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How Accurate is Home Schooling Data?

On May 11, 2010 the Houston Chronicle reported that more than 22,620 Texas secondary students who stopped showing up for class in 2008 were excluded from the state’s dropout statistics because administrators said they were being home-schooled, according to Texas Education Agency figures.

Are students who are leaving schools being disguising as thousands of middle and high school dropouts ?

While home-schooling’s popularity has increased, the rate of growth concentrated in Texas’ high school population has nearly tripled in the last decade, including a 24 percent jump in a single year.

In some states, parents are required to file sworn affidavits when they withdraw their children. Many states also require families to submit curriculum, attendance records or test scores when they opt to home-school.

In Texas, the Texas Education Agency requires a “signed statement from a parent/guardian or qualified student” or “documentation of an oral statement by the parent/guardian or qualified student made within 10 days of the time the student quits attending school in the district, signed and dated by an authorized representative of the district” noting that they intend to attend home-school.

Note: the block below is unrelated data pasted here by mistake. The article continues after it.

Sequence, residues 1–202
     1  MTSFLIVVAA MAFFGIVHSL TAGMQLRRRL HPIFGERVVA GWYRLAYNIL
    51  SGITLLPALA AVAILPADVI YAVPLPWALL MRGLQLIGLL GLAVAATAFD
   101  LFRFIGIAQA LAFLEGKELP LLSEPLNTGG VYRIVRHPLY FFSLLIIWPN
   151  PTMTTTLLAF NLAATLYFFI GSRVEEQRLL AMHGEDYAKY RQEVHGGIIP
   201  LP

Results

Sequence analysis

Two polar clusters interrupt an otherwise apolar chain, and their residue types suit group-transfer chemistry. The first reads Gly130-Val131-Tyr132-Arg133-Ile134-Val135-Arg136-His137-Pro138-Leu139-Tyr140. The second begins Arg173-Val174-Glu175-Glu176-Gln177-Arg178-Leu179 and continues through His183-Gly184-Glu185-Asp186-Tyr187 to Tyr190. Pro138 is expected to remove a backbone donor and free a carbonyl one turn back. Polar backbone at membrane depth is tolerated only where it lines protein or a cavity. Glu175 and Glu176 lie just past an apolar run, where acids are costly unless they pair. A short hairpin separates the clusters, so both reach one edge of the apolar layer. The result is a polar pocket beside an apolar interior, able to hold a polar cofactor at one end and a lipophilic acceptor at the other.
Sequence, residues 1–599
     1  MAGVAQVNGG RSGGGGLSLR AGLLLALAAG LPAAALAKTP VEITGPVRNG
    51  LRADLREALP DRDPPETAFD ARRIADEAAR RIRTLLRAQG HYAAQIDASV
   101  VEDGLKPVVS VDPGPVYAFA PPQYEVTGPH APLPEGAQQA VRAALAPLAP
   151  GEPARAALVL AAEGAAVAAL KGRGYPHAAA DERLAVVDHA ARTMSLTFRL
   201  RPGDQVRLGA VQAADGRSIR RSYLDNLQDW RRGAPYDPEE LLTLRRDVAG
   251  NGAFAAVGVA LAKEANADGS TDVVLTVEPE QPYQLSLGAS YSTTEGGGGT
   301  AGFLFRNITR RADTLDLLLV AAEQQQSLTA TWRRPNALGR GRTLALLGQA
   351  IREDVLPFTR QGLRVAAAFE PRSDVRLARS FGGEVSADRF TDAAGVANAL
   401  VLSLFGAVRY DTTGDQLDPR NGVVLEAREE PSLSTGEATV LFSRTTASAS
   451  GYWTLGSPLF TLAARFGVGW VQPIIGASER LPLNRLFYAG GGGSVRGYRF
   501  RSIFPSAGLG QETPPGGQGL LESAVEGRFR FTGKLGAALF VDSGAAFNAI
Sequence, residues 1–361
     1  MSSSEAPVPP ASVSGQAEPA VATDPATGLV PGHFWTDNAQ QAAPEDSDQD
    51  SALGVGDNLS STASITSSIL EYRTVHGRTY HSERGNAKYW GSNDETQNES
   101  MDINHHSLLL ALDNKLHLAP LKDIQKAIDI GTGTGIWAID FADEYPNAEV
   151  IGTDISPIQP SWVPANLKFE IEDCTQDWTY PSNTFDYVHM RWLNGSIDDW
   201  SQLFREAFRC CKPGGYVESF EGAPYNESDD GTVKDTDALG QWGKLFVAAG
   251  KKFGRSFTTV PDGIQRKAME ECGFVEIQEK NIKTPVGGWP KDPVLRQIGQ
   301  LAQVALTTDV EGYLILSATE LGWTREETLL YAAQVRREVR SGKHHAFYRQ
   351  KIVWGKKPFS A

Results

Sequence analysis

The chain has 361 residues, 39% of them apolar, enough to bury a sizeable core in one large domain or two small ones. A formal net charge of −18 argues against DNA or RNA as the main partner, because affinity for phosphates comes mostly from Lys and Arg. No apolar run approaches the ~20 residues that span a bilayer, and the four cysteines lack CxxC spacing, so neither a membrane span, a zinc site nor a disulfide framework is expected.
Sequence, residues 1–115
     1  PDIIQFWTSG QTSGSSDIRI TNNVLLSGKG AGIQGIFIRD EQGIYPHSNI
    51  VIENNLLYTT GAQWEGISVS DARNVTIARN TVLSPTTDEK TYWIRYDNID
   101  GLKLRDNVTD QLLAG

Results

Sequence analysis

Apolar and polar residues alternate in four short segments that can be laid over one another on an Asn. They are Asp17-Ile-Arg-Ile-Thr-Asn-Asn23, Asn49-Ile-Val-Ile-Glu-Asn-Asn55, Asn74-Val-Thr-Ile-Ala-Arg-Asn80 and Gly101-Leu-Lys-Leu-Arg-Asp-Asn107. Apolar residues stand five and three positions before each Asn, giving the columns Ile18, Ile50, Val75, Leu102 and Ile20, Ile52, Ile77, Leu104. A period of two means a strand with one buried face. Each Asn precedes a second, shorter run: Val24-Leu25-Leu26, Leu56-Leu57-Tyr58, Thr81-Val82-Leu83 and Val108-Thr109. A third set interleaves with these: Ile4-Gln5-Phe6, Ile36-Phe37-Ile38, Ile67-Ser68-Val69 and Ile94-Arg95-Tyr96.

A 2008 audit of one of the Houston-area districts with the highest number of home-schooled high schoolers — Clear Creek ISD — concluded that only 167 of the 276 students had sufficient documentation from parents to meet the state’s definition. Information was lacking in the other 109 cases.

The U.S. Department of Education found that roughly 77 percent of home-schoolers are Anglo. Most are also the children of college educated, middle class parents. More than one-third of parents cited providing “religious or moral instruction” as the primary reason for their decision to home-school.

The Texas Home School Coalition estimates that more than 300,000 Texas children are home-schooled, with an annual growth rate around 7 percent since the mid-1990s. Leaders also estimate that between 2 and 3 percent of all Texas students are educated at home.

Once families withdraw from public school, there is no follow-up.

Some advocates complain that Spanish-speaking and special-needs student are especially vulnerable to being pushed out of public schools.

Home schooling provides an alternative path for students to graduate and as such I am in favor of it.  However, if it is being used to disguise students who dropout than that is an entirely different matter.

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